Yes, we have heard all of the jokes.  If you think you are a Cougar that is great.  We like all kinds of people and have met many characters that make the world an interesting place.  The name sometimes gets guests in the door and then it is our mission to win them over with our wine.  We also respect the name Cougar since it is the mascot of many of our wine club members alumni such as Washington State, University of Houston, and UC San Marcos to name a few.

So if you are looking for a gift shop full of Cougar items, this is the wrong winery for you.  Besides the bling shirts we pretty much just sell wine.  If you are celebrating a birthday or anniversary let us know and we will cork and lei you (the cork is a keychain and our corks are really cute).  If you are in front of our sign taking your picture, please drive up and come on in.  You are out wine tasting so you should try our wines too.

In Temecula Valley, Cougar Vineyard & Winery is located at 39870 De Portola Road.  This winery resides on the De Portola Wine Trail of Temecula Wine Country.  Cougar Vineyard & Winery is a member of the Temecula Valley Winegrowers Association and the Meritage Society.

Cougar Vineyard & Winery is planted entirely in Italian varietals.  We will be discussing all of these other varietals being grown by Cougar in upcoming articles about the Italian grape varietals planted in Temecula Wine Country of Southern California.


Italian Varietals Abound in Temecula Wine Country – Part III

 

The Malvasia Bianca grape

Today’s article is about a wonderful fruity grape varietal Malvasia Bianca (pronounced Mal-va-ZEE-ah Bee-AHN-Kah), again from Italy.  Malvasia is genetically the same as the more commonly known Muscat Canelli or Muscat Blanc grape.  Styles of this wine can vary from lightweight to full-flavored, dry to sweet, low to high alcohol. It is sometimes made as a sparkling wine.

In this article we will discuss one of these newly emerging Italian varietals in Temecula Valley Wine Country.  Malvasia Bianca is a member of an ancient, highly esteemed Greek family of grapes vinified in a myriad of styles throughout Italy. Malvasia Bianca is one of the most widely planted, light-colored grape varieties in Italy and the world. On the islands of Sardinia and Sicily, it makes rare, rich and wonderfully aromatic passito wines.

Whether sweet or dry, Malvasia Bianca offers delightful aromas and flavors of honey and ripe Bosc pears with hints of allspice. Round, lushly fruity flavors and a plush texture lead to a finish that is determined by the degree of residual sugar and the cellar treatment. The lightest versions offer a clean, crisp finish, while those aged in small barrels may display light tannins and a hint of vanilla. Sweeter, more opulent versions linger on the palate.  Pair Malvasia Bianca with pork, rich cheeses or enjoy by itself.  Other interesting food pairings with this wine are Seafood antipasta dishes (shrimp, scallops, and calamari dressed with oil and lemon) and grilled vegetables for the lighter wines.  Grilled fish with light provencal-style sauces pairs well with the fuller wines.  The dessert wines need only a simple almond biscotti (no chocolate please) to dip in the wine, real Sicilian cannoli or an apricot or plum tart with a marzipan pastry crust.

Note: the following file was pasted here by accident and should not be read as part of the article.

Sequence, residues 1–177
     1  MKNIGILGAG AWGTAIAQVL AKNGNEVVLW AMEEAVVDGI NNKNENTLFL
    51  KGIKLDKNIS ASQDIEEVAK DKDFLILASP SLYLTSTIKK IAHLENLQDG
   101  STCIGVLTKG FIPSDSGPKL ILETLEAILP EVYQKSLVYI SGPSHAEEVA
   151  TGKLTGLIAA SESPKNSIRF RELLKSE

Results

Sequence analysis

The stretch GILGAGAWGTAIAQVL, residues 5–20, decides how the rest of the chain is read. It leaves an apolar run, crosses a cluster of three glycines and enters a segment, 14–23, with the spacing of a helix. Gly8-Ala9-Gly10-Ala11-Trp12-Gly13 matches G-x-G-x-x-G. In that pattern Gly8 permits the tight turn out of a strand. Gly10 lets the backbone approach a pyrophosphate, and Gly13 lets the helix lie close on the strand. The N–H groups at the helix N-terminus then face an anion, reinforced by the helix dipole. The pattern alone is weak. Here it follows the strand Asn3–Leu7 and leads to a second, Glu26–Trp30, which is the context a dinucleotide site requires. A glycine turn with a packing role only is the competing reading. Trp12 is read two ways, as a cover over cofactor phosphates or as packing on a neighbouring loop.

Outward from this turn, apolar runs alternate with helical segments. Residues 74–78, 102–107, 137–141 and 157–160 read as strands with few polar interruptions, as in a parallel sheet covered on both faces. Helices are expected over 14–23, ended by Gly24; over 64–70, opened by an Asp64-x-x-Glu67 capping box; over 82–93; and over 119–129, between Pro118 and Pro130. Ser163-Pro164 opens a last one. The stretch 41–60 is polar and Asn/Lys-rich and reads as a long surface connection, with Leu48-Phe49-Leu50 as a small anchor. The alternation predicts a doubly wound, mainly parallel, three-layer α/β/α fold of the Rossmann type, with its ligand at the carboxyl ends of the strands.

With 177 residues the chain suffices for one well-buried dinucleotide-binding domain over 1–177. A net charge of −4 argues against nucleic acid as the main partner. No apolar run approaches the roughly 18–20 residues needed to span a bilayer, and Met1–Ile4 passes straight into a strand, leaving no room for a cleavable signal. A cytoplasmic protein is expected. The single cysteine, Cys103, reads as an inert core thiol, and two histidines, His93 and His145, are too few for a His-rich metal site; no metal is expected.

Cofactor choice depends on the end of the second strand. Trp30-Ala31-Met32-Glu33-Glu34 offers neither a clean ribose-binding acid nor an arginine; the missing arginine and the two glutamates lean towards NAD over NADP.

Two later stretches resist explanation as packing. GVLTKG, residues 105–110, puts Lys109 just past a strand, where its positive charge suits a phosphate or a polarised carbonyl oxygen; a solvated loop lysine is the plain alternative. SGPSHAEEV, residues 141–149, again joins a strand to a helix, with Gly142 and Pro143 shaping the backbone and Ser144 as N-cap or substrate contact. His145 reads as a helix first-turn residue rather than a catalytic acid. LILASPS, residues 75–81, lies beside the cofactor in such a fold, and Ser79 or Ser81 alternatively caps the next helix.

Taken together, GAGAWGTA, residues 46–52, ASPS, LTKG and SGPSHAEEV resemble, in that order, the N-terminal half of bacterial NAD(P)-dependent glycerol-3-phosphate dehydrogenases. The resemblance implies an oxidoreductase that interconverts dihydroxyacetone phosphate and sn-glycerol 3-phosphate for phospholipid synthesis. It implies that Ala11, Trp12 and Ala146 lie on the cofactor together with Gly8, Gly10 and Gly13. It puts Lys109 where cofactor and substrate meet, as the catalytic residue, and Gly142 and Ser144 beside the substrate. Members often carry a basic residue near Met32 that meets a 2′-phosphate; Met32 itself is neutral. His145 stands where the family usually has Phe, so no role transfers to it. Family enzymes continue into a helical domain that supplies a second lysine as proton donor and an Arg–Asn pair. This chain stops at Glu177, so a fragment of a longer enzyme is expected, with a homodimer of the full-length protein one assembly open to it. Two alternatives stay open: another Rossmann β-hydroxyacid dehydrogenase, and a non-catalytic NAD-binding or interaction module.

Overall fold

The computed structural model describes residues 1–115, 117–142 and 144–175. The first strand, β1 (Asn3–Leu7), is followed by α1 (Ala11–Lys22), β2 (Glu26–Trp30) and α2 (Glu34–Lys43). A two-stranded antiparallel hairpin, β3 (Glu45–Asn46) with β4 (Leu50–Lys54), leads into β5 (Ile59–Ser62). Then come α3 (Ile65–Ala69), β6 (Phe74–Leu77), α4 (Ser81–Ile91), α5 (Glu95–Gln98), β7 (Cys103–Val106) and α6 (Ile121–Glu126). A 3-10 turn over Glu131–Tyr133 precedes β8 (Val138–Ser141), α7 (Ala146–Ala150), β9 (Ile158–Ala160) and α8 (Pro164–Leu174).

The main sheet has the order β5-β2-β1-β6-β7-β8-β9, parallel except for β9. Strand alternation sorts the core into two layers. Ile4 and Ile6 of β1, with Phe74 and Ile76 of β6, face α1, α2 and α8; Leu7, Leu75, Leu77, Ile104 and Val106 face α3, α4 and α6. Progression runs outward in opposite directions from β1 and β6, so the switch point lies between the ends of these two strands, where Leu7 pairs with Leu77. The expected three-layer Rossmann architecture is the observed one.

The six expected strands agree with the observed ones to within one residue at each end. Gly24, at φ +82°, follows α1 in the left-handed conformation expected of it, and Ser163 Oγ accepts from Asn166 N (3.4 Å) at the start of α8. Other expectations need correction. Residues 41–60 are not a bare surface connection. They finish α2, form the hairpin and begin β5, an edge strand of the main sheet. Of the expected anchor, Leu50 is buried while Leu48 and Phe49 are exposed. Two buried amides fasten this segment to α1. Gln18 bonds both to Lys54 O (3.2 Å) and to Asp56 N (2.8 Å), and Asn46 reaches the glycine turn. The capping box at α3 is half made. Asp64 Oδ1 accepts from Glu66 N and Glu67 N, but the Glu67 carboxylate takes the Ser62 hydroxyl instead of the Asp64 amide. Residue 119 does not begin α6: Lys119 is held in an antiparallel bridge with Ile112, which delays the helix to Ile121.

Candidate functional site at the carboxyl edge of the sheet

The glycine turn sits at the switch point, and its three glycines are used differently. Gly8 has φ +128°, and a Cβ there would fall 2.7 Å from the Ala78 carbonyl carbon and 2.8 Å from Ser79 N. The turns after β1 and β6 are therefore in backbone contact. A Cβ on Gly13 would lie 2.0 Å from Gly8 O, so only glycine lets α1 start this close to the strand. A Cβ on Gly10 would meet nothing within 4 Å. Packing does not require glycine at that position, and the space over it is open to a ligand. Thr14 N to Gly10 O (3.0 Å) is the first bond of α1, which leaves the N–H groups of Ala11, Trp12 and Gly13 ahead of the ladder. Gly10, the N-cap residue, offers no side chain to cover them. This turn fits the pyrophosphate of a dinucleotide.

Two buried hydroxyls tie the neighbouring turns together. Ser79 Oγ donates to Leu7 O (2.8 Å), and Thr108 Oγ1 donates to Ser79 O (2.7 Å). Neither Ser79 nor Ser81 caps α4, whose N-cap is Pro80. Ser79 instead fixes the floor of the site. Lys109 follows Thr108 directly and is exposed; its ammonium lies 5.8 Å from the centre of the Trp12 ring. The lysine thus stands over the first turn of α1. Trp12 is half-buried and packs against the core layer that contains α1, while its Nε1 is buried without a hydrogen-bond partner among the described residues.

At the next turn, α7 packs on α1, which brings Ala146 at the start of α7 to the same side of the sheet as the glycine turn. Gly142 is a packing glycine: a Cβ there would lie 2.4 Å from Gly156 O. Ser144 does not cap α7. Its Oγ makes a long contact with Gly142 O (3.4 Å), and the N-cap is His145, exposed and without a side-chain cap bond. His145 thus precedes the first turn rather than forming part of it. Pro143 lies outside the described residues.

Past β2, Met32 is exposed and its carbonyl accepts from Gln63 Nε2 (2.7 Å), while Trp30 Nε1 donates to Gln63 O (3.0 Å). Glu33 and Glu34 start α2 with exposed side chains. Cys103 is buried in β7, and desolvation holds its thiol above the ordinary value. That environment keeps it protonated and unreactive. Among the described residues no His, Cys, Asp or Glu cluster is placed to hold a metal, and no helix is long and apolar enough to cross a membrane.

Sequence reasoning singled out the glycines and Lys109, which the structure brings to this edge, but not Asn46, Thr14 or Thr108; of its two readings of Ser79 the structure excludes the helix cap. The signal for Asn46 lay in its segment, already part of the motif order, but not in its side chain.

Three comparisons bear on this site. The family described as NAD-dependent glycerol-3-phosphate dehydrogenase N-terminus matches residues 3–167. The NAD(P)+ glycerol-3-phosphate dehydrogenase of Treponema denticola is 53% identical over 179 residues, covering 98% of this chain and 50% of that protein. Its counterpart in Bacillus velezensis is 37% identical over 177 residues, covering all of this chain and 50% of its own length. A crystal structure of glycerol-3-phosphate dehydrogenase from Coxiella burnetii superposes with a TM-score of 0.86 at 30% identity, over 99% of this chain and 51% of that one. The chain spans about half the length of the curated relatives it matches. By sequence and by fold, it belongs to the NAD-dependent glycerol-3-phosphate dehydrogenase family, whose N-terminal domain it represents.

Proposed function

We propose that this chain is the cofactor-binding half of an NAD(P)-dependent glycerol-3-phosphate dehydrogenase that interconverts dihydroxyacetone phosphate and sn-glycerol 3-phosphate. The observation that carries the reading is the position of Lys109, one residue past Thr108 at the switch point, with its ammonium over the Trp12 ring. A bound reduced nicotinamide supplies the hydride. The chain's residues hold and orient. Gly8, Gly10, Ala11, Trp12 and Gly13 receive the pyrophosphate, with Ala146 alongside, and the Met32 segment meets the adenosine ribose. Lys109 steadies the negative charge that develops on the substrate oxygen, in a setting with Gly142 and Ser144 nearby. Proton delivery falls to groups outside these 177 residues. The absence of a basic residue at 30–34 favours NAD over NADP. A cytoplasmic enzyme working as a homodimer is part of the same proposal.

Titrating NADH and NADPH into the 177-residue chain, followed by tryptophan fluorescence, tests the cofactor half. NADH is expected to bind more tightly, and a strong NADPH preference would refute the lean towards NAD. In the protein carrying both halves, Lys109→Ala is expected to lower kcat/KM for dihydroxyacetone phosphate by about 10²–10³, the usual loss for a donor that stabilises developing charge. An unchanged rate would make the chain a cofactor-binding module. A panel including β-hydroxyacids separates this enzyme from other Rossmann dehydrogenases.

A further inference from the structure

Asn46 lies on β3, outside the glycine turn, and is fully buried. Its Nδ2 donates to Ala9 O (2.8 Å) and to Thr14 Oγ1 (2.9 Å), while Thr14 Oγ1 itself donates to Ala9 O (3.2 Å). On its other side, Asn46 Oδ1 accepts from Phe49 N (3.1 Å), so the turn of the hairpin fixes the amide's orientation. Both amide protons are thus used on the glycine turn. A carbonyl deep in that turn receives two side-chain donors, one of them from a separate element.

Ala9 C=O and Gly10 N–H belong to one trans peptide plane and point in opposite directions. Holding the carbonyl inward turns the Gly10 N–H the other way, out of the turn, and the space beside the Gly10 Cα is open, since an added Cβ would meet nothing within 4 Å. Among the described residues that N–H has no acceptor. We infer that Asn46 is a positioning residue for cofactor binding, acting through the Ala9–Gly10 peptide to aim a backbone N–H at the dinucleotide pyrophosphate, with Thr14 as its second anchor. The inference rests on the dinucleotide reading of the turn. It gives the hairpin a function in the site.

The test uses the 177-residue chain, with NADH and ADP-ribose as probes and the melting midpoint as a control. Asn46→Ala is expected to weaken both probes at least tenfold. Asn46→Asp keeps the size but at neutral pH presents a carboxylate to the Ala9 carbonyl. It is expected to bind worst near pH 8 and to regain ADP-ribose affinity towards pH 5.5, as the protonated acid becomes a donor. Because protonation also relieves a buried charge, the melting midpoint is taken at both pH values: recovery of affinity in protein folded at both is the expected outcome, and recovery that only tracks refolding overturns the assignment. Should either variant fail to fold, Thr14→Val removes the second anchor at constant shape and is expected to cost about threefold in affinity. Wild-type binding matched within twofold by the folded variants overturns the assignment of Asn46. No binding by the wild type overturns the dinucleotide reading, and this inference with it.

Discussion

Malvasia is planted widely in Italy and around the world.  It performs best where it gets good exposure to the sun and where the soils drain well.  Other than the dessert wine variations, Malvasia wines do not age well and should be consumed quickly.

In Temecula Valley, Malvasia Bianca is available as a 2% Residual Sugar (amount of sugar left in the wine after fermentation is stopped) at Cougar Vineyard & Winery located at 39870 De Portola Road.  This winery resides on the De Portola Wine Trail of Temecula Wine Country.  Cougar Vineyard & Winery also has 3 year old vines planted on the winery property in Temecula Wine Country.  Wein’s Family Cellars has a similar styled Malvasia Bianca.  Weins is located at 35055 Via Del Ponte off of Rancho California Road also in Temecula Wine Country.

Cougar Vineyard & Winery is planted in entirely Italian varietals with 2,000 of the 8,500 vines being Malvasia Bianca.  We will be discussing all of these other varietals being grown by Cougar in upcoming articles about the Italian grape varietals planted in Temecula Wine Country of Southern California.


Italian Varietals Abound in Temecula Wine Country – Part II

 

The Montepulciano grape

Our first article was on the not so widely known grape Aglianico.  Today’s article is about a misunderstood grape varietal, again from Italy.  Montepulciano is often confused with Sangiovese.  There is a town in Italy with the same name, Montepulciano, that is famous for a wine called Vino Nobile di Montepulciano.  Well, the wine name translates to the “Nobel Wine of Montepulciano”.  The confusion stems from the fact that the wine is also 100% Sangiovese grape varietal.  The Montepulciano grape does not even grow near the town, but in the Tuscan region of Italy.  Specifically Montepuliciano grows in the Abruzzo region of east central Italy. The story goes that the grape was named by former residents of the town Montepulciano that missed their beloved city where they used to live.

In this article we will discuss one of these newly emerging Italian varietals in Temecula Valley Wine Country. Montepulciano (pronounced "mawn-teh-pool-CHAH-naw") is typically a fruity, dry wine with soft tannins and usually drunk young. In Italy if the wine is aged for more than two years with at least 6 months in wood, the wine may be labeled “Riserva”. In 1995 another DOC, “Montepulciano d’Abruzzo Colline Teramane”, was created in Italy to separate out Riserva wines that were aged for at least three years.